Freight brokers are the connectors of the transportation and logistics industry. They link individuals or companies with goods to transport with carriers who get the cargo from a pickup point to its final destination.
So, how do freight brokers keep the wheels moving in the transportation industry?
Freight Broker Tasks and Duties
Freight brokers act as intermediaries between senders, carriers and recipients. While they may or may not own physical delivery equipment, they do play a crucial role in the distribution system by ensuring the safe and timely transport of goods.
As a freight broker, you’ll work extensively with:
- Customers who have goods to ship
- Transportation companies who ship by ground, rail, sea and air
- Consignees (recipients) who rely on you to get their shipments delivered on time
Freight brokers are responsible for four areas of performance:
- Overseeing and ensuring the safe passage of goods from shipper to carrier to consignee
- Preparing all documents and reports involved with the transport of cargo
- Negotiating terms and rates with carriers, including payment terms
- Prospecting and contracting with new shippers and carriers
Read more: Becoming a Freight Broker
A freight broker’s daily activities might include:
- Negotiating with shippers and carriers to arrange rates for transporting goods, commodities or carrying specific loads
- Using software systems to prepare documents and reports such as bills of lading, overage, shortage and damage (OS&D) reports or customs forms
- Monitoring load movement, communicating load status and resolving obstacles that may arise during shipping
- Arranging for storage of shipments that have been delayed
- Confirming deliveries and arrange for billing of shippers and payment of carriers
- Marketing the broker or agent business to prospective shippers and carriers
To learn more about our Freight Broker Training course, fill out this form.
Characteristics of Successful Freight Brokers
The freight industry is a huge and dynamic marketplace. The US Bureau of Transportation Statistics estimates that over 11 billion tons of freight move by truck each year. Another 1.7 billion tons move by rail and 766 million tons move by water.
To move all this freight requires over 12 million commercial trucks and more than 325,000 rail cars. It also requires well-trained, highly-organized freight professionals who can:
Solve problems quickly
Every shipment involves multiple stops and most involve multiple parties. This can cause bottlenecks and delays when inevitable problems arise.
Work with people well
Whether negotiating, solving problems or winning new customers, a freight broker is engaged with people constantly.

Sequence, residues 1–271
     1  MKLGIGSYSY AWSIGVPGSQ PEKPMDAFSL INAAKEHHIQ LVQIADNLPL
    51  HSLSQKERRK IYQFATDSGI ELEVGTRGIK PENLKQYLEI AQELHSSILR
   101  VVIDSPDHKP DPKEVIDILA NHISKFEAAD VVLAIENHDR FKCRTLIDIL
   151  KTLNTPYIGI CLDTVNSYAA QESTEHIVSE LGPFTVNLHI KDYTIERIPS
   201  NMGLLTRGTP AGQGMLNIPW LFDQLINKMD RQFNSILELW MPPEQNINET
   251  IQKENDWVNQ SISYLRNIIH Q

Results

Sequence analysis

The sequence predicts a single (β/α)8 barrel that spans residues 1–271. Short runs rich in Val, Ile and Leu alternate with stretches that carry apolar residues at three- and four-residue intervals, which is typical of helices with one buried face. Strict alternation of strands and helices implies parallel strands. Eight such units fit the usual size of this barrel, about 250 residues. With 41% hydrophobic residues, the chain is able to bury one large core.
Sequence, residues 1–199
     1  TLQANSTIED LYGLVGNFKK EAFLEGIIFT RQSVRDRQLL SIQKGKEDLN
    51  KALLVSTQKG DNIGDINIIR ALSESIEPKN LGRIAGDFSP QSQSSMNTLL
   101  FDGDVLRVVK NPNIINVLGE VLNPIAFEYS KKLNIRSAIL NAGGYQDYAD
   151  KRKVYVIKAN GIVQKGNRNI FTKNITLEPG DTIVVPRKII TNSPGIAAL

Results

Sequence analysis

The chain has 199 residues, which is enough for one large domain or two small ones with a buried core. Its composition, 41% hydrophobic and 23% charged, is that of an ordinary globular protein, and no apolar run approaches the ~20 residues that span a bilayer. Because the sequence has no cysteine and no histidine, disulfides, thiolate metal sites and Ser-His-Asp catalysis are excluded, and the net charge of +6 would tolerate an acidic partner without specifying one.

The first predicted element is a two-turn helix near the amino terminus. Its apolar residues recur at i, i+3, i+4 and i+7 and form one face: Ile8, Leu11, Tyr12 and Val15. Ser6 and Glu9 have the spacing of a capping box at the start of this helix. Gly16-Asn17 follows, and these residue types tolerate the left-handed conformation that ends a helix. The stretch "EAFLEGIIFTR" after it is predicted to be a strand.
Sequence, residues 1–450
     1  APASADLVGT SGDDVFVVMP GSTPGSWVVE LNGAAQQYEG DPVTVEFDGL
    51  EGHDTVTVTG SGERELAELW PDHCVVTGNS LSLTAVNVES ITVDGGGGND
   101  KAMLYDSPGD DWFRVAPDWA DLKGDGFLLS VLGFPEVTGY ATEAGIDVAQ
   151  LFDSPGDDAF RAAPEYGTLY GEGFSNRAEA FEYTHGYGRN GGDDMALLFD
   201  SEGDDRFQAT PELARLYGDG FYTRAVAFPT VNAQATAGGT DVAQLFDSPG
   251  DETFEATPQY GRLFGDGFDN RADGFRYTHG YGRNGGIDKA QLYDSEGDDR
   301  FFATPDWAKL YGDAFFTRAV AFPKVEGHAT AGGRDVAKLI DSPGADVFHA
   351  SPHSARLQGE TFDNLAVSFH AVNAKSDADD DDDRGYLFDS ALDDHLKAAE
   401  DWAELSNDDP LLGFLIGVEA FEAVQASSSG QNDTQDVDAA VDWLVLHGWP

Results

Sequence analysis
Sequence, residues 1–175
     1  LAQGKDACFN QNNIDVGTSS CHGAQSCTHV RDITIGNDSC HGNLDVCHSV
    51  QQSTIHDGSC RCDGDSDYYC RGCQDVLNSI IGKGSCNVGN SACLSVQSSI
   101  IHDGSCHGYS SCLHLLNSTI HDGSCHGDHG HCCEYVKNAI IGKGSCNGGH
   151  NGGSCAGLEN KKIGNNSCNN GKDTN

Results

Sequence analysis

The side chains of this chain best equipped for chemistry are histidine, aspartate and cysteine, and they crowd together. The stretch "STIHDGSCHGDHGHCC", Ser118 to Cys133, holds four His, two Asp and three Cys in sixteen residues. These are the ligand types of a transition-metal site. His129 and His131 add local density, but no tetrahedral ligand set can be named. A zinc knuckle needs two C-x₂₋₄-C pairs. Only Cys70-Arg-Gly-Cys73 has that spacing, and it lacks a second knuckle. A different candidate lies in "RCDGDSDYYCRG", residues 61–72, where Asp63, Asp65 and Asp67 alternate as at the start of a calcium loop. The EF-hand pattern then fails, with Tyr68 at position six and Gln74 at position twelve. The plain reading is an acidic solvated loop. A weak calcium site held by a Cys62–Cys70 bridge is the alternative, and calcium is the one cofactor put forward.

A busy freight broker may have many shipments moving simultaneously, each with its own challenges. Most successful freight brokers are also great time managers.
From communication to shipment tracking to billing and operations management, a freight broker’s business relies heavily on technology.
Freight Broker Training
The US Bureau of Labor Statistics (BLS) lists Cargo and Freight Agents among its “Bright Outlook” career areas. The BLS expects faster than average growth for freight brokers and agents over the coming decade. Entrepreneur Magazine considers freight broker one of its top work-at-home opportunities.
If you enjoy working in a dynamic environment where your work directly matters to your customers and colleagues, freight broker might be a great career for you.
One great way to get started is to enroll in a course specifically designed to train freight brokers.
A training course will help streamline your learning process around the freight broker’s tools, procedures and business environment.
It will help you structure your freight broker business, including the procedures for obtaining your broker’s authority and license.
Read more: Five Essential for Freight Broker Training
As you can see, there is a lot to learn before becoming a freight broker. There is nothing like having an experienced guide to help you through the process.
Our Freight Broker Training course is designed by experienced freight brokerage specialists who have worked hands-on as freight brokers and agents. They have worked for large carriers and owned their own freight brokerage business.
To enroll in our Freight Broker Training course, click the link:
Freight Broker Training
6 Months | 180 Course Hours
From licensing and operations, to sales and marketing, learn how to run a domestic freight brokerage or agency in the United States.